|Canadian Warplanes 1: Maurice Farman S.11 Shorthorn
Maurice Farman S.11 Shorthorn
Data current to 14 April 2021.
(Library and Archives Canada Photo, MIKAN No. 3390702)
Henry Farman biplane, ca 1919.
(Library and Archives Canada Photo, MIKAN No. 5065736)
Maurice Farman, France, ca 1916.
Maurice Farman S.11 Shorthorn, CA&SM. The Shorthorn is a two-seat biplane bomber developed in 1913 by Farman Frères, a French aircraft company founded in 1908 by pioneering aviators Maurice and Henri Farman. The aircraft is a "pusher" with the engine in the rear of the nacelle. Designed and first flown in France, the Shorthorn was adopted by the air forces of Australia, Belgium, Britain, France, Italy, and Russia. It was manufactured under licence in Britain and Italy. During its early war service in reconnaissance and light bombing, the Shorthorn carried no defensive armament. It was later relegated to training duties. The Shorthorn retired from RAF service in 1918.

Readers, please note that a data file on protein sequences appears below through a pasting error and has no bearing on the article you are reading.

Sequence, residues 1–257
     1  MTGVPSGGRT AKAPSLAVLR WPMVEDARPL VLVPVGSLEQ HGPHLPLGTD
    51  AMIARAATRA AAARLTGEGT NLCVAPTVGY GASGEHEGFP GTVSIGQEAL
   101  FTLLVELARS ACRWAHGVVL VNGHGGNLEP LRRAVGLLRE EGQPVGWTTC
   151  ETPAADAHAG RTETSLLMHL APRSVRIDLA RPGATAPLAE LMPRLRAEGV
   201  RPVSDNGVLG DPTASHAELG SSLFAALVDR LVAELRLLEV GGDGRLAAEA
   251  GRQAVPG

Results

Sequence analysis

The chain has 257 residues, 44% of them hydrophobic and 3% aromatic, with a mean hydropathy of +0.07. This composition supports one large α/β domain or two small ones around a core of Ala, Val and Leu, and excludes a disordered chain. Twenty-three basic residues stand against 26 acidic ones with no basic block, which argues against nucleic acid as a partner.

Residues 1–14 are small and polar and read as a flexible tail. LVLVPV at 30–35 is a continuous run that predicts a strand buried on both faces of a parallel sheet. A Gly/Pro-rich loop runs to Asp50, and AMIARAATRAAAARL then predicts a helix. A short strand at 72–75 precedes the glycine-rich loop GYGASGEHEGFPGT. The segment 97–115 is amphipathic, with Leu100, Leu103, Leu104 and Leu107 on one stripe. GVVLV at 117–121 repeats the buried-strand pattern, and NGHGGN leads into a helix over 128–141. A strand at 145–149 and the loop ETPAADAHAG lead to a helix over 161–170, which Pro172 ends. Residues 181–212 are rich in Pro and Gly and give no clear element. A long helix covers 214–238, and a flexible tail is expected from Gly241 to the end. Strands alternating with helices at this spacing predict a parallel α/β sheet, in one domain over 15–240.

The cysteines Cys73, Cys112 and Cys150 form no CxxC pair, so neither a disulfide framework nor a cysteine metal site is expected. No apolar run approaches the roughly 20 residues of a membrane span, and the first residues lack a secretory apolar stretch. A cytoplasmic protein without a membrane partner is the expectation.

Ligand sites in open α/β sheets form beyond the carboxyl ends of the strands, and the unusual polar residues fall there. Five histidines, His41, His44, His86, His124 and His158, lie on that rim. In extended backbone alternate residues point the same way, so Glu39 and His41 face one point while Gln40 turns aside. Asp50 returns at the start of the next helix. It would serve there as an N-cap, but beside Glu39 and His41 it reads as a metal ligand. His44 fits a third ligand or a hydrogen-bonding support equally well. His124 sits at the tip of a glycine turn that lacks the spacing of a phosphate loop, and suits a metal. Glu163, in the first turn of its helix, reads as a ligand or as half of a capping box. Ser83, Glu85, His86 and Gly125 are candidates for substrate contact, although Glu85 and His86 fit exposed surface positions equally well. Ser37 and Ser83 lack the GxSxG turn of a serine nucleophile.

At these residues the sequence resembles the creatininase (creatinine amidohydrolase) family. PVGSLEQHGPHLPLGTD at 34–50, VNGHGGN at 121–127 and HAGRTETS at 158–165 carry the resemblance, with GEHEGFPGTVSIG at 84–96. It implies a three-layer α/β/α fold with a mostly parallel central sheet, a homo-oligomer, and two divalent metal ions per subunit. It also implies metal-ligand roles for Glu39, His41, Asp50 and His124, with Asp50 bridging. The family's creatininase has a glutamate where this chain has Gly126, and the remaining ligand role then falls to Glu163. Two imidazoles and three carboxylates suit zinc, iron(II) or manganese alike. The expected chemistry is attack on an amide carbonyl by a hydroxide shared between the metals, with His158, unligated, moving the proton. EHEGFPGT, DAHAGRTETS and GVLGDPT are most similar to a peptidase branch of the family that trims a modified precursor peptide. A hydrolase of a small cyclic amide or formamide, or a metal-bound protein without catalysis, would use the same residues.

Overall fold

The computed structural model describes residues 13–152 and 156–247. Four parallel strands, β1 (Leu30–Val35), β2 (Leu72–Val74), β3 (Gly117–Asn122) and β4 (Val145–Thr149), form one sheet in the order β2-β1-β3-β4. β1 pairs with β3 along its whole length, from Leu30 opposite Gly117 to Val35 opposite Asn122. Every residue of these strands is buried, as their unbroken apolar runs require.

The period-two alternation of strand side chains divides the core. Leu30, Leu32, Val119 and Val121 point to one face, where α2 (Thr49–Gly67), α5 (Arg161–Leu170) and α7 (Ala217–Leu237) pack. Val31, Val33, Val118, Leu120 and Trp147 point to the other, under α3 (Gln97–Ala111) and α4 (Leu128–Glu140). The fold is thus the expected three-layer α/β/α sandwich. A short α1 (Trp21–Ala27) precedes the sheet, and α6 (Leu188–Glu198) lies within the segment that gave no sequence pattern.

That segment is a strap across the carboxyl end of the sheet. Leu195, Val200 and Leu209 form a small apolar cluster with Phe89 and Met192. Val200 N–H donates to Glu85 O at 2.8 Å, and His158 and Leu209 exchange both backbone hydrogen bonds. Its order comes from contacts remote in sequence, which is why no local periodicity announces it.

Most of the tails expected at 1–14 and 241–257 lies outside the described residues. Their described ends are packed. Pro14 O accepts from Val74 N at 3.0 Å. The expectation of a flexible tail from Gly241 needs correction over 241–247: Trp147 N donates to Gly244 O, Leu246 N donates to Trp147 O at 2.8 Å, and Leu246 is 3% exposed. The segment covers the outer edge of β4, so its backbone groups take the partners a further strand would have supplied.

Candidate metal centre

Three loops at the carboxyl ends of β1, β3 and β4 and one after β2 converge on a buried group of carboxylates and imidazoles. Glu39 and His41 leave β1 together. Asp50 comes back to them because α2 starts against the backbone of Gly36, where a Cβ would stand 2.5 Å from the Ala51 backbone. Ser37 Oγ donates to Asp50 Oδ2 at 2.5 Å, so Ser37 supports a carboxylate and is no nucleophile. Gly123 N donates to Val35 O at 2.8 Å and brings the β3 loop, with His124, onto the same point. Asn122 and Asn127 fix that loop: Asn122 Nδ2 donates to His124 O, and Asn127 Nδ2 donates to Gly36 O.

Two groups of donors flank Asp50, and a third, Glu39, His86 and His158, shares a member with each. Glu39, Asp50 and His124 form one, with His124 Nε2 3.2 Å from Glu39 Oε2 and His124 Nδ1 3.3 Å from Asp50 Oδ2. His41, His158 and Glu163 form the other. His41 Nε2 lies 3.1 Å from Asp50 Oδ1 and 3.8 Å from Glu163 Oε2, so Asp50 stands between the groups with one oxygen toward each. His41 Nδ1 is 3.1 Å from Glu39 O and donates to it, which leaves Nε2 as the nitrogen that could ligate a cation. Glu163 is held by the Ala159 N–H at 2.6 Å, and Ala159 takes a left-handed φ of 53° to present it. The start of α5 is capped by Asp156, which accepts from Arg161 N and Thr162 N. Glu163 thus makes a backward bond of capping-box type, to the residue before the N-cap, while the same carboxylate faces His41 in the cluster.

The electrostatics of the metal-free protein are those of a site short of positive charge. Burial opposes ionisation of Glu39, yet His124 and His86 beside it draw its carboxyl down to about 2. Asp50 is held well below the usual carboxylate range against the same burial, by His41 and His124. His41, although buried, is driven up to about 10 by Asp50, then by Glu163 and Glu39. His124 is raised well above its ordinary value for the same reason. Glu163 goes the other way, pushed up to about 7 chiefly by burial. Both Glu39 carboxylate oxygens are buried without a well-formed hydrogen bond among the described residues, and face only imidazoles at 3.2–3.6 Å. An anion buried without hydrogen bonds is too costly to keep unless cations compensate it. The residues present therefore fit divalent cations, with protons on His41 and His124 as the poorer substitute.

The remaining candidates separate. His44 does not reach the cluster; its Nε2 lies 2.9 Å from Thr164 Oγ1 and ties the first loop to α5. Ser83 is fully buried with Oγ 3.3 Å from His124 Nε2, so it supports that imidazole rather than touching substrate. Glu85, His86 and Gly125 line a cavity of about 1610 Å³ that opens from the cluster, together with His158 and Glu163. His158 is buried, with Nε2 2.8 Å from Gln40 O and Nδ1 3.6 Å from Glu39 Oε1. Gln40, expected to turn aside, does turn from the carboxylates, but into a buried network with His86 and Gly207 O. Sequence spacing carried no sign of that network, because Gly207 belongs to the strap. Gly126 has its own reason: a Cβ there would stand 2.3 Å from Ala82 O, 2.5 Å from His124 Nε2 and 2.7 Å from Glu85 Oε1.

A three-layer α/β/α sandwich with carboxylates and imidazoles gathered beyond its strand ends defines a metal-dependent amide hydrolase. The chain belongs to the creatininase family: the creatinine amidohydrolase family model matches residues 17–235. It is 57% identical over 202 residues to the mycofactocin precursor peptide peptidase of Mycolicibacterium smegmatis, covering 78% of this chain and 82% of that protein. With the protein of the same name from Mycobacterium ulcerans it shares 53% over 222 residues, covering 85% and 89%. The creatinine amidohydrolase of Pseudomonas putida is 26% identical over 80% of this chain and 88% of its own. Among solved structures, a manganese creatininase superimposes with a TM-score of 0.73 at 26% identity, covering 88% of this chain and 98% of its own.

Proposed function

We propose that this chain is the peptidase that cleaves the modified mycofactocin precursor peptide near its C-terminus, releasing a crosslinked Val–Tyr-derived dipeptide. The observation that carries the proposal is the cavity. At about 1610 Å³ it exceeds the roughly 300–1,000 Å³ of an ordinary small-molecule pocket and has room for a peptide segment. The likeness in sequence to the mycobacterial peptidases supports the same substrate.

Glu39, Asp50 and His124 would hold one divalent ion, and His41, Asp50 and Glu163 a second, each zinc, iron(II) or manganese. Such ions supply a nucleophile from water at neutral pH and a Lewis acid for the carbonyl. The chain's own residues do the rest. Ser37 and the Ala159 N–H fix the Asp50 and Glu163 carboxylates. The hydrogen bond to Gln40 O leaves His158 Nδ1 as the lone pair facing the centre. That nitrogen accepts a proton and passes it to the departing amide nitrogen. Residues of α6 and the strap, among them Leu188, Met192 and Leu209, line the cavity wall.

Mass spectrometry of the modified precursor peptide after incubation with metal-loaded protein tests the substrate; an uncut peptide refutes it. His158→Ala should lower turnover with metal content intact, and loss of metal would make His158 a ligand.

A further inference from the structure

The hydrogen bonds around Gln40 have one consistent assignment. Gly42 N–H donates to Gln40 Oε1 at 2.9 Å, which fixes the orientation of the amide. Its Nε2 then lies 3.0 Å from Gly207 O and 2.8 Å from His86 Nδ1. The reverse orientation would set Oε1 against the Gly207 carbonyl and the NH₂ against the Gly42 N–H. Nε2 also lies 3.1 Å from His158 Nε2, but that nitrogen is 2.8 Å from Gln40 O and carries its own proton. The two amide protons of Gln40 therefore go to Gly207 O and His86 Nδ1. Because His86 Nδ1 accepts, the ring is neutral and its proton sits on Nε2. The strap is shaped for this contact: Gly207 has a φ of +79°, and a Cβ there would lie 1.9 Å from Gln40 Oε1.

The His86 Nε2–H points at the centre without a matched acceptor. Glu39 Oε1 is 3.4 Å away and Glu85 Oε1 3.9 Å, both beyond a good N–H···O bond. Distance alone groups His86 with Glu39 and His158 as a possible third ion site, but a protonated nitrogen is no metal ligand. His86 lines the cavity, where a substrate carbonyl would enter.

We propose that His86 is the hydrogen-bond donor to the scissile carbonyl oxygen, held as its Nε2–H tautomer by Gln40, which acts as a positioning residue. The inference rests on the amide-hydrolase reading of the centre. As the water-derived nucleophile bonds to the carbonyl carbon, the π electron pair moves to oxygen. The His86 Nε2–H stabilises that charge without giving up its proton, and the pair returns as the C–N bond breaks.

This Shorthorn was acquired by the CA&SM at auction in 1981. It was built by the Aircraft Manufacturing Company (Airco) for the Royal Flying Corps in 1915–1916, and was one of four that were sent to Australia in 1917 for flight training. It was used for this purpose at Point Cook until 1919, when it was sold as surplus. It remained in storage throughout the 1930s, but was rescued, restored and made airworthy in the 1950s. In 1956, American stunt pilot Frank Tallman purchased it and flew it in California. The aircraft was owned by two aviation museums in later years, before the CA&SM bought it.
The CA&SM's aircraft was called a "Shorthorn" because it lacked the distinctive forward elevator of its predecessor, the Farman S.7 Longhorn. The pusher configuration, with the pilot well forward of the wings, was ideal for observation and bombing. The crew had to be careful not to allow loose objects to fly from the cockpit into the propeller. The Shorthorn configuration could be dangerous in an accident because the engine was liable to hurtle forward and injure the crew.